• Elvira Cuccurullo says...

      Hi Karla, welcome to the group, we are all in the same positions. Wow! You have breastfed so long, and of course now you feel some hormonal issues.
      I have anxiety too but is not that much bothering me, for me is this “disconnection from the world” feeling that I have that bothers me, makes me thinki i am getting crazy. Fortunately some of the ladies in here have it so i feel less alone but damn it’s hard. If you need to talk feel free to email me as well. I would do a whatsapp group as well if someone joined it so we can talk more often about how we feel. Xx
      Email: elviramigani@gmail.com
      +447392806107

  4. Maria says...

    Thank you so much for this post. I am 8 months pp and have weaned my baby in the last two months, together with returning to work. My baby doesn’t give me any trouble, she eats well, sleeps all night and barely fusses – so it’s hard to explain to people that she isn’t the source of my anxiety. This is very new to me, I think it’s the first time I feel these waves of anguish for no reason.
    I feel insecure at work. I feel like everything is too perfect and that something bad is bound to happen. I feel like I’m slowly going crazy. I don’t feel I’m as sharp as I use to be.
    This has all made me feel physically ill – chest pains here and there, shortness of breath sometimes, a knot in my throat – after reading this I am sure it’s not heart nor dvt related.
    Thank you once again, I am going to schedule a doctors appointment right away.

    • Elvira Cuccurullo says...

      Hello!! How do you feel now? Did the doctor say something? Thanks.

  5. Brittany says...

    My milk starting decreasing dramatically out of no where. I then started having extreme anxiety and the weirdest sensation as I was trying to fall asleep. I would be just about to drift to sleep and then experience a “brain zap” or “adrenaline rush” throughout my body. It keeps me from falling asleep for hours. Finally after hours of this every night I will fall asleep: but not deep sleep. I am going on only a few hours a sleep at night. I am not on any medications. I am thinking it’s hormonal. Was wondering if anyone else experienced this as they were drifting to sleep ?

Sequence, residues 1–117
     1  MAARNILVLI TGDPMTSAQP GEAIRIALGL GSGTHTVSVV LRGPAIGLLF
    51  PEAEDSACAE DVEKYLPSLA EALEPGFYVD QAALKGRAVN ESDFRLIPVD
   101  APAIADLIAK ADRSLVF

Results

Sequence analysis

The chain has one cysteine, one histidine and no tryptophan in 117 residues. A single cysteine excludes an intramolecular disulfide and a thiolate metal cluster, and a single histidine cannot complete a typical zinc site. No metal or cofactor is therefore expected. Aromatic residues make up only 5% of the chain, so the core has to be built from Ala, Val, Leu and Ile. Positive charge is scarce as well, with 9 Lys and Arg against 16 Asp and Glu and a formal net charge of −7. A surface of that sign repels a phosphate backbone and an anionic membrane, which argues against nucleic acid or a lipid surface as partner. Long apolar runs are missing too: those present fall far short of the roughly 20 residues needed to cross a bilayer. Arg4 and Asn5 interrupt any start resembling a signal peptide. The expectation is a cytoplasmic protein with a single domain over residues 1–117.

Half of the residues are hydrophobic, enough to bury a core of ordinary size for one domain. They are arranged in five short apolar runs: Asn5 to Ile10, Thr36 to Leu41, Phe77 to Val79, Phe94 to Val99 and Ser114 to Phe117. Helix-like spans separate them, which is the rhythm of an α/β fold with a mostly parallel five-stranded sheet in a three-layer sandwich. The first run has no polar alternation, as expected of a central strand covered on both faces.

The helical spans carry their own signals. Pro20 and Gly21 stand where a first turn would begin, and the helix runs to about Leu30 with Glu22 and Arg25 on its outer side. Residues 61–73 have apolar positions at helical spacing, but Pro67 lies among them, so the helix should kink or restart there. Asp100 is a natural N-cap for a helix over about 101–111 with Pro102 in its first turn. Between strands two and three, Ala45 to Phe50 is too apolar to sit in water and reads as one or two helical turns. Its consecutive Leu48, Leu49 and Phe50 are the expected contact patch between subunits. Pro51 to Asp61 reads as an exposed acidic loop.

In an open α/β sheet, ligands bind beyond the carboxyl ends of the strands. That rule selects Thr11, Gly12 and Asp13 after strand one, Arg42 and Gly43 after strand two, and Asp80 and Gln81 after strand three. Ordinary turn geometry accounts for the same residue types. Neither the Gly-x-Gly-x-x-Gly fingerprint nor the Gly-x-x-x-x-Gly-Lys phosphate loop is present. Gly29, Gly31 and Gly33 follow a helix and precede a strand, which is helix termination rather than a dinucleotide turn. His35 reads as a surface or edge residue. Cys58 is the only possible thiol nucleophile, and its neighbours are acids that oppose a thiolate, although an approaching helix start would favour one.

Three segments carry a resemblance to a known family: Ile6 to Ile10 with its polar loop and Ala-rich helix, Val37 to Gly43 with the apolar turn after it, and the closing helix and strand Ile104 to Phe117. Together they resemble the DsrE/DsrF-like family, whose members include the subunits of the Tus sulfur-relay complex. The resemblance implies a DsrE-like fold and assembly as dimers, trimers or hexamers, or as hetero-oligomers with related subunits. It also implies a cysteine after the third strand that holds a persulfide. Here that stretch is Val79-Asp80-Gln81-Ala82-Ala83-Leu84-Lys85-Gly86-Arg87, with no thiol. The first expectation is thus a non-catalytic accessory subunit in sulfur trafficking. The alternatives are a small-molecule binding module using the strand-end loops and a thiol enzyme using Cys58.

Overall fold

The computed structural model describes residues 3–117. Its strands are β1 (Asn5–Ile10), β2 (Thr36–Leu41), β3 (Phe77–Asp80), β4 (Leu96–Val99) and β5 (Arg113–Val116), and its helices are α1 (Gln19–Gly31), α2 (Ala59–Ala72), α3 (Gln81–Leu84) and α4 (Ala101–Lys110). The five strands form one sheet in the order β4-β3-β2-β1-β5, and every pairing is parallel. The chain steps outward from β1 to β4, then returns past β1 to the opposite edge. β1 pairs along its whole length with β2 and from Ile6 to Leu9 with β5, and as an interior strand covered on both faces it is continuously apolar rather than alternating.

• KL says...

      Brittany! I hear this. I have been suffering from pregnancy and postpartum hormonal-related insomnia for quite a while now, but since weaning it’s getting worse. Honestly, Xanax (since weaning), a combination of herbal supplements, CBTI methods (eg. getting out of bed if I don’t fall to sleep within 20 minutes), and listening to the podcast “Sleep with me” has been helpful (until the last couple of nights, it’s now reverting so I need to talk to my doctor). I know EXACTLY that “adrenaline rush” you mention, it’s happened to me so many times. I hope you’re able to talk with your doctor about something to help with anxiety (medication, or therapy, or CBTI, etc) as you’re working through this. Sending you love, I know personally how hard this is for you.

    • Brittany Haskell says...

      Thank you so much for responding. I’m so sorry your still dealing with it. How long has it been happening? I am hoping it won’t last forever: I am going to be getting my hormone levels checked very soon

    • Elvira Cuccurullo says...